This year, Spartanburg’s Way to Wellville initiative will have a presence at the festival to promote wellness and community pride in an effort to lead to a healthier Spartanburg. In addition, Partners for Active Living and City of Spartanburg will feature plenty of “no wind” activities, such as Frisbee throwing and face painting. “Kites might be the symbol of Spartanburg’s community pride, but we’ll have many other activities going on just in case there’s no wind,” Evins said.

To promote good health and exercise, attendees are encouraged to walk or ride bicycles to the event. As an added benefit to this year’s festival, City of Spartanburg will waive public bus fares for the day to give residents transportation to the festival free of charge. “The whole city is on board with Spartanburg Soaring,” Evins said. “Whether you walk, bike ride, or ride a bus, just come. It’s going to be a glorious spring day to be healthy and celebrate Spartanburg.”

Fun-fly ribbons will be awarded throughout the day to people flying kites in the “free fly zones” in categories such as Biggest Kite, Most Creative, Highest Flyer, Prettiest Kite, and Straightest Up to the Sky. Children and adults alike are eligible for awards. “And we expect to have some professional and high-end enthusiasts here again this year,” Evins said. “Last year, we had professional kite flyers from North Carolina and Georgia, and giant kites that looked like blue whales in the sky. Someone even had a kite with a camera on it.”

Festivalgoers are encouraged to bring their own kites, but inexpensive kites will be on sale for those who wish to purchase one at the festival. Spartanburg Soaring! Kite Club, which formed last year in response to the inaugural festival and campus-wide kite exhibition, will be on hand to help festival goers assemble their kites. Chuck Holmes, a Spartanburg resident and master kite maker who established the club, was the catalyst for the Spartanburg Soaring! initiative.

“Chuck and his kites are what started Spartanburg Soaring!,” Evins said. “He is certainly the go-to guy in Spartanburg, and probably the state, when it comes to kites. We are forever grateful for his guidance and participation in this project.”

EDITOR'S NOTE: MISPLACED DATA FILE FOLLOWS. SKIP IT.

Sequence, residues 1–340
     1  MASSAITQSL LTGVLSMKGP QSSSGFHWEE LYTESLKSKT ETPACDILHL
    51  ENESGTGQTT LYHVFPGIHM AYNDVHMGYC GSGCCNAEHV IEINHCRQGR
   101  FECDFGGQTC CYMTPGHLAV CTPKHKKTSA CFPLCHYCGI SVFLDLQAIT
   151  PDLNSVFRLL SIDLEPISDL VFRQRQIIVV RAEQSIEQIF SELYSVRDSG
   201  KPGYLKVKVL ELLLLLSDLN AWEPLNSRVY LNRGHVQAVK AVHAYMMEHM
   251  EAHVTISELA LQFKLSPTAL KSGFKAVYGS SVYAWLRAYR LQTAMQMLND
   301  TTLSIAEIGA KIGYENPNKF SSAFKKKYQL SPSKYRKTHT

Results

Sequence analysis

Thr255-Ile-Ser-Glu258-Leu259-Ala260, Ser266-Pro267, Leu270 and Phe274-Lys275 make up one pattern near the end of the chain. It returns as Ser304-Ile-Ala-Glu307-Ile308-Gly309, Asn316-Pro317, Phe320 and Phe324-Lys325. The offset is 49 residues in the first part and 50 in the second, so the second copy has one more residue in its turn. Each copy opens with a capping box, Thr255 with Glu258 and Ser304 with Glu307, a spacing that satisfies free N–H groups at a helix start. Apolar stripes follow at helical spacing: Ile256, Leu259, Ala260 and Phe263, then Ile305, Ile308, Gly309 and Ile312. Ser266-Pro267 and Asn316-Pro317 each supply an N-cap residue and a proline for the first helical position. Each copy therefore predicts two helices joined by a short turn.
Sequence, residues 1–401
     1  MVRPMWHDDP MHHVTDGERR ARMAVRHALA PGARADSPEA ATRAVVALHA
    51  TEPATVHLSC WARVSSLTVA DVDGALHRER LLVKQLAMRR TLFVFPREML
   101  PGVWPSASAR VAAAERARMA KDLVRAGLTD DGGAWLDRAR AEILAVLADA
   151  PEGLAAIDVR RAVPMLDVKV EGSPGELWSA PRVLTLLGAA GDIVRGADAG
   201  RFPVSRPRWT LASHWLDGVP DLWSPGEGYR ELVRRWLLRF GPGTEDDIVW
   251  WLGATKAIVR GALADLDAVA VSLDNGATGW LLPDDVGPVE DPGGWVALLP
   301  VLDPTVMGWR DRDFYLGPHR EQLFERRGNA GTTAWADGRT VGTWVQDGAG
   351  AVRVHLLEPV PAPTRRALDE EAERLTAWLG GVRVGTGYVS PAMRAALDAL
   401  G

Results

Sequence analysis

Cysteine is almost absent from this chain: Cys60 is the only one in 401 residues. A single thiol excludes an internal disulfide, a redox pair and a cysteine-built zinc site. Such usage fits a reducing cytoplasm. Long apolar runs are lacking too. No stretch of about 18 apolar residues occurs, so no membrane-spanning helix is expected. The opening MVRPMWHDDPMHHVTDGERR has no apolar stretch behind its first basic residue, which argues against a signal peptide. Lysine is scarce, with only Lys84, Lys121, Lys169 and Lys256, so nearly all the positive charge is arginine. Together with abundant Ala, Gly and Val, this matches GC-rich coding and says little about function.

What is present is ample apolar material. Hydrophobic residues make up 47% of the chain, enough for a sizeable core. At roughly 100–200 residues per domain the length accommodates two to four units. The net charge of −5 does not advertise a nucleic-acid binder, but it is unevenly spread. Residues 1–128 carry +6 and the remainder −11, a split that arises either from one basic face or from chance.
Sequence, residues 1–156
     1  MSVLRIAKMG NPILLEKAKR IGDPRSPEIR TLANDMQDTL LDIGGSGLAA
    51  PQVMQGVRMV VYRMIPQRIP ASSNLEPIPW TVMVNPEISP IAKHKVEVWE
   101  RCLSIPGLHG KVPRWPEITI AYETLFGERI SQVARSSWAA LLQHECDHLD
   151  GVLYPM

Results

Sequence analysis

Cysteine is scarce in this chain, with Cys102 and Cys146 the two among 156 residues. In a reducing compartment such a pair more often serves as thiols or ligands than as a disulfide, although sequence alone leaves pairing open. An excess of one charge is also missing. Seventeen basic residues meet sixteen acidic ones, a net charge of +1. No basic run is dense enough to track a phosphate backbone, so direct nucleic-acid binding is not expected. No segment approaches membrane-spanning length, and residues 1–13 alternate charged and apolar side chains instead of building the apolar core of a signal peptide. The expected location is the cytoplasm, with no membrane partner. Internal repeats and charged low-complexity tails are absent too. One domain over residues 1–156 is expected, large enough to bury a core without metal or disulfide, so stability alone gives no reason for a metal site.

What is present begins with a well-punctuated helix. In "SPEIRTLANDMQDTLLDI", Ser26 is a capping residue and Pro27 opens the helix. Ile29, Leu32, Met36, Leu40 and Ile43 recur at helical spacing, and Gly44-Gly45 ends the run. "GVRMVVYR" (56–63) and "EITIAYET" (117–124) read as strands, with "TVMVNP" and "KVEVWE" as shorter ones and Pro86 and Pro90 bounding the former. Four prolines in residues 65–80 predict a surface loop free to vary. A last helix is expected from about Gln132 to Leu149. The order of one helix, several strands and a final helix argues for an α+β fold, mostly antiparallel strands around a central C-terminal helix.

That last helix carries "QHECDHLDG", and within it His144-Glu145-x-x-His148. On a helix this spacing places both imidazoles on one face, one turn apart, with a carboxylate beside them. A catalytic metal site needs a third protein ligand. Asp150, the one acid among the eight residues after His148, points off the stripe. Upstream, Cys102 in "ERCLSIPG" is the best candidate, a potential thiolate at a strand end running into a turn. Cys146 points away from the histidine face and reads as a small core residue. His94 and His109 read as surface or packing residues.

Attendees can expect to see and do much more than fly kites. Live music will be provided by Rock and Roll Reunion, a band lead by local news anchor Tom Crabtree, noon-2pm, as well as Wentzler Butler’s New Orleans-style jazz band The Rockers, 3-5pm. In between, people can participate in an energetic drum circle lead by Melisa Emkjer.

Dozens of regional artisans will be on hand as well, selling their affordable handcrafted wares in Barnet Park. Artists from an array of genres will showcase what makes the local arts scene soar in Spartanburg. “It is the perfect opportunity for both the artists and the public to sell and buy locally made works of art,” Evins said.

Food trucks will be on hand as well, pairing healthy activity with healthy fares. Asheville-based Taste and See, Bruster’s Real Ice Cream, Kesha’s Mobile Food Truck, The Nomadic Few shaved ice, K BBQ, and Greenville favorite The Chocolate Moose, which will serve hot chocolate and coffee, will provide options for everyone along Liberty Street.

“Kite flying is an international and intergenerational activity,” Evins said. “Spartanburg Soaring is all about celebrating Spartanburg, taking pride in our community. What better way to do this than to get out on a spring day and look upward to the blue sky as hundreds of kites of many different kinds and colors fill the heavens?”

In case of inclement weather, the festival’s rain date is the following day on Sunday, Mar. 22, 1-5pm.

Sponsors for this event include WSPA-TV, “Spartanburg Herald-Journal”, City of Spartanburg, Price’s Menswear, and Partners of Active Living, as well as Upstate International that will blanket the area with flags of nations around the world, many with their own kite-related traditions. As well as “Carolina Arts” for bringing you this information.

Spartanburg Soaring! International Kite Festival is free and open to the public. For more information, please visit ( or call 864/542-2787.